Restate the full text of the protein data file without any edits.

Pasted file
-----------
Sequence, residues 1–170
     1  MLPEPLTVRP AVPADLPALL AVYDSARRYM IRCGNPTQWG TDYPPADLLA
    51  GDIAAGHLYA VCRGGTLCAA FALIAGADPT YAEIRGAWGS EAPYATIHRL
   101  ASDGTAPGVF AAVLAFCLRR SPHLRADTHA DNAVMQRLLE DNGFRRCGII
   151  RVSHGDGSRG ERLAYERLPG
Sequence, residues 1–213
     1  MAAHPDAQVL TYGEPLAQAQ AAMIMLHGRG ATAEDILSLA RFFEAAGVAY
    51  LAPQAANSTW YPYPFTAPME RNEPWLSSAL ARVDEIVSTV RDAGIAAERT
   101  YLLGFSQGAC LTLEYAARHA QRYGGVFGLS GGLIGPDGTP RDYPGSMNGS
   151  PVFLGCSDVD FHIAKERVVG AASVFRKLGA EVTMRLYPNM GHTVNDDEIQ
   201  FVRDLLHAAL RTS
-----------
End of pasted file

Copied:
Sequence, residues 1–170
     1  MLPEPLTVRP AVPADLPALL AVYDSARRYM IRCGNPTQWG TDYPPADLLA
    51  GDIAAGHLYA VCRGGTLCAA FALIAGADPT YAEIRGAWGS EAPYATIHRL
   101  ASDGTAPGVF AAVLAFCLRR SPHLRADTHA DNAVMQRLLE DNGFRRCGII
   151  RVSHGDGSRG ERLAYERLPG
Sequence, residues 1–213
     1  MAAHPDAQVL TYGEPLAQAQ AAMIMLHGRG ATAEDILSLA RFFEAAGVAY
    51  LAPQAANSTW YPYPFTAPME RNEPWLSSAL ARVDEIVSTV RDAGIAAERT
   101  YLLGFSQGAC LTLEYAARHA QRYGGVFGLS GGLIGPDGTP RDYPGSMNGS
   151  PVFLGCSDVD FHIAKERVVG AASVFRKLGA EVTMRLYPNM GHTVNDDEIQ
   201  FVRDLLHAAL RTS